The New York Power Authority has awarded $1.4 million to three energy-saving projects in the city of Albany, N.Y., including one that will connect 22 municipal buildings there to the New York Energy Manager, NYPA’s network operations center for real-time use energy monitoring.
The three projects that received the awards will save the city approximately $240,000 in annual energy costs, according to the office of New York Gov. Andrew M. Cuomo.
The awards, announced on Sept. 5, are for:
1. $500,000 to help connect the 22 Albany municipal buildings to the power authority's network operations center, the New York Energy Manager — a centralized data platform that collects a continuous stream of detailed information from 1,200 buildings.
2. $416,000 for the installation of electric vehicle charging stations and a city vehicle fleet optimization project for approximately 100 Albany city vehicles.
3. $500,000 for the implementation of various energy efficiency upgrades for several municipal buildings, including City Hall and city police and fire stations.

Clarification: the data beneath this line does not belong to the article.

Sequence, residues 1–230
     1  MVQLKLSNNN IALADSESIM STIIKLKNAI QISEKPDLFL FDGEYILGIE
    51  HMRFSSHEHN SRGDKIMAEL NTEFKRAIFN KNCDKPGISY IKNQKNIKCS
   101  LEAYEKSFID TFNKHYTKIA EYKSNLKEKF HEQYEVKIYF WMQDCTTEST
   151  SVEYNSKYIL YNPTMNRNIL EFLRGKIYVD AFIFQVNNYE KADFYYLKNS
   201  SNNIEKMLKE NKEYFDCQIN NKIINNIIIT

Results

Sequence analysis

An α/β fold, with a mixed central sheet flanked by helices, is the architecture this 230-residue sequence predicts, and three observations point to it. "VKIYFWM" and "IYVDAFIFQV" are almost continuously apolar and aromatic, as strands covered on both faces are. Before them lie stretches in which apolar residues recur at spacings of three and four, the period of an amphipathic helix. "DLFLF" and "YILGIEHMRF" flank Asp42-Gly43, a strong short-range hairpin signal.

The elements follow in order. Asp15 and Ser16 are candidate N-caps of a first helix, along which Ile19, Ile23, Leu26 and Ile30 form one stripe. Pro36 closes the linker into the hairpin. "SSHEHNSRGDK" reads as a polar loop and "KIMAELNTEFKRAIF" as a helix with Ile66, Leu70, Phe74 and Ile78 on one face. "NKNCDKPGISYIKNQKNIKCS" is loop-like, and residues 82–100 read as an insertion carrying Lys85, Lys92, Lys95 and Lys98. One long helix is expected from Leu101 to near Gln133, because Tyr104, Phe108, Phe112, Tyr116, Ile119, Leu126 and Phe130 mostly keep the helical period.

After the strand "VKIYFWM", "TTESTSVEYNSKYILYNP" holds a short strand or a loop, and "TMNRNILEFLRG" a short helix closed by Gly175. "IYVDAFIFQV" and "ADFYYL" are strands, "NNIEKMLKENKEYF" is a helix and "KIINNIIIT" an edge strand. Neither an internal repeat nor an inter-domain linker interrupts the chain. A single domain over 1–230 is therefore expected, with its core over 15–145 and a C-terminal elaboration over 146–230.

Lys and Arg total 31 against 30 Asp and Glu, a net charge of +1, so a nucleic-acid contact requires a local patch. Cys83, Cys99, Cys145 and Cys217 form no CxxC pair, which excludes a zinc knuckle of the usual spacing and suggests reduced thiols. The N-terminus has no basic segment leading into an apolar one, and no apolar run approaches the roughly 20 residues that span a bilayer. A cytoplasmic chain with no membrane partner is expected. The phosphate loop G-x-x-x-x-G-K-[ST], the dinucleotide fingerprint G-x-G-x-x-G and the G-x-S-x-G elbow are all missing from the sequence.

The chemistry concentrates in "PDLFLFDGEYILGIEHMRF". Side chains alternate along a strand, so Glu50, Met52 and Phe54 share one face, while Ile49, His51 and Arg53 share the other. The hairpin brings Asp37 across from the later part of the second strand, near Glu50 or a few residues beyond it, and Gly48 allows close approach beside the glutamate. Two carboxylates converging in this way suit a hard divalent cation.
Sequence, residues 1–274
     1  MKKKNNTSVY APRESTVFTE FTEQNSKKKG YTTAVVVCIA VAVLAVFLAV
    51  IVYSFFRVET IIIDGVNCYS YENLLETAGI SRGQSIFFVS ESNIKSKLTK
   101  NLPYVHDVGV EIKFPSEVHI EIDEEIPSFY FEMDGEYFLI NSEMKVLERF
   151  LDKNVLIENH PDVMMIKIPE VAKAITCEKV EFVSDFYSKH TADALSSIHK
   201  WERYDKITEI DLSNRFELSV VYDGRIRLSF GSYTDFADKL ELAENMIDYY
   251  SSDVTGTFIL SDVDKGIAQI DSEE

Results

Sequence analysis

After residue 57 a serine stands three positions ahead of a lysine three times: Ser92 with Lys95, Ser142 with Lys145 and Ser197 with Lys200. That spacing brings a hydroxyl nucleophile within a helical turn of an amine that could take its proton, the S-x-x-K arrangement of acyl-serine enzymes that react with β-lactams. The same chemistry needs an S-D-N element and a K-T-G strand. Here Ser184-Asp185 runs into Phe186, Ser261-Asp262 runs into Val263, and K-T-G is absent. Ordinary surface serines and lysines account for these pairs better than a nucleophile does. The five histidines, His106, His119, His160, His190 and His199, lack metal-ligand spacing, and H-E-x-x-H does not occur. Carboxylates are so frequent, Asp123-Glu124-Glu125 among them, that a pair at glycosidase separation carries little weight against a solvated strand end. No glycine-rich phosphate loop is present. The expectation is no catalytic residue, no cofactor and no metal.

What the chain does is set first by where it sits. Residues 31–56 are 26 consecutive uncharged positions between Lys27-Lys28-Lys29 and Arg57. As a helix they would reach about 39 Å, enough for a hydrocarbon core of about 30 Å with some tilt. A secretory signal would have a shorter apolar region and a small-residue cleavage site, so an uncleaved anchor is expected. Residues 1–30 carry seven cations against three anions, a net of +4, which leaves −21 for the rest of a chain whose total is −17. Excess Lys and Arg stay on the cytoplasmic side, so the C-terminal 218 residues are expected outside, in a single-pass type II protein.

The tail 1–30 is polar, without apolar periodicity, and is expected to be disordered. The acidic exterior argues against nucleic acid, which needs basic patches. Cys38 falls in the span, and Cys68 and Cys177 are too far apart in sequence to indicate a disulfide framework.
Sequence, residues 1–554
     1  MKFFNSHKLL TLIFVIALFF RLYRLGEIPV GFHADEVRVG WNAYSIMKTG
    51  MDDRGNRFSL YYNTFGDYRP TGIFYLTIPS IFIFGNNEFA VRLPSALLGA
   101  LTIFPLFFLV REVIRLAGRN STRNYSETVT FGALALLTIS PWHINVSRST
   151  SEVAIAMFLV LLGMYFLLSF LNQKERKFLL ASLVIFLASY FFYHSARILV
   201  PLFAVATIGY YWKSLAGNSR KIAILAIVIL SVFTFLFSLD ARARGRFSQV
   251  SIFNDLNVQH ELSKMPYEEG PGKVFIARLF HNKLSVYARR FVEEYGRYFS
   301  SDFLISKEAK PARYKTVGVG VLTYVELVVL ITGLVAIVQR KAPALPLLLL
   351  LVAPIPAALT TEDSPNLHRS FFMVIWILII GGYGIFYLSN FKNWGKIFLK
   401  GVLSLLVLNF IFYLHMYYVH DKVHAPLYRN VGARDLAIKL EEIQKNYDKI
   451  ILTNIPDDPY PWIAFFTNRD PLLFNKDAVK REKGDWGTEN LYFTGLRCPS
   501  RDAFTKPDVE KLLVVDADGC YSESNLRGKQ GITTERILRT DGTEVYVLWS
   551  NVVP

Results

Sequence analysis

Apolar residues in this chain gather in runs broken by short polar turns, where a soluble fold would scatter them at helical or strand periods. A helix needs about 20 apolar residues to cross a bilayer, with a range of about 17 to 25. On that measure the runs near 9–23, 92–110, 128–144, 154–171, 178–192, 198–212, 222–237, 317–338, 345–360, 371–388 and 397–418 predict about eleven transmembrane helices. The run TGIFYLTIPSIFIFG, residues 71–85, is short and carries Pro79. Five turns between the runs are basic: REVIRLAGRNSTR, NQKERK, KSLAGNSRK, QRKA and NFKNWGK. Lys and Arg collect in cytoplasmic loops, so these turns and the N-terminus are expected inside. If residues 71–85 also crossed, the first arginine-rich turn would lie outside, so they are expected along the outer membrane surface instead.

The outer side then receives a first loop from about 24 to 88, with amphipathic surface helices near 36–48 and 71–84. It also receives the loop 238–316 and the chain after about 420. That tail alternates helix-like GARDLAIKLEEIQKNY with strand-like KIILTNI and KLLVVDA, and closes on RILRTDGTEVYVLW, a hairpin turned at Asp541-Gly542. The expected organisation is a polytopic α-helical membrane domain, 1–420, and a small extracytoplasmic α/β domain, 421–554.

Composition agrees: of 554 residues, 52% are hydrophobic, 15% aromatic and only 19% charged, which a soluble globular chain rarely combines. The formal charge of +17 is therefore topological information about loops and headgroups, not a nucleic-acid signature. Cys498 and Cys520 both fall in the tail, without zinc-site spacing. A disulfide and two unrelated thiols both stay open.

Albany, New York state’s capital city, proposed its innovative projects as part of the governor's Five Cities race-to-the-top clean energy competition, which was announced last November and is designed to accelerate energy efficiency in the state's five largest cities outside of New York City (Albany, Buffalo, Rochester, Syracuse and Yonkers).
NYPA will oversee energy efficiency evaluation, project design consultation, and installation. The total cost is estimated to be approximately $2 million, offset by the $1.4 million in NYPA awards. The city is expected to realize a 2.5-year payback from its energy efficiency investment.
"We're proud to support the trendsetting efforts Albany is taking to reduce energy consumption and look forward to helping to realize additional innovative energy and cost-saving projects," said NYPA CEO and President Gil C. Quiniones.
"Under the leadership of Gov. Cuomo, the power authority has demonstrated time and time again that energy efficiency projects work, not only in the state's five largest cities, but in smaller cities and towns," he said.
The Five Cities Energy Plan initiative works toward the goal of cutting energy use 20 percent by 2020 for municipal buildings and 20 percent by 2030 citywide, including private buildings. The effort is part of the governor's Reforming the Energy Vision strategy to build a cleaner, more resilient and affordable energy system, and New York's Clean Energy Standard, announced a year ago, which mandates that half of all electricity used in the state by 2030 come from renewable sources.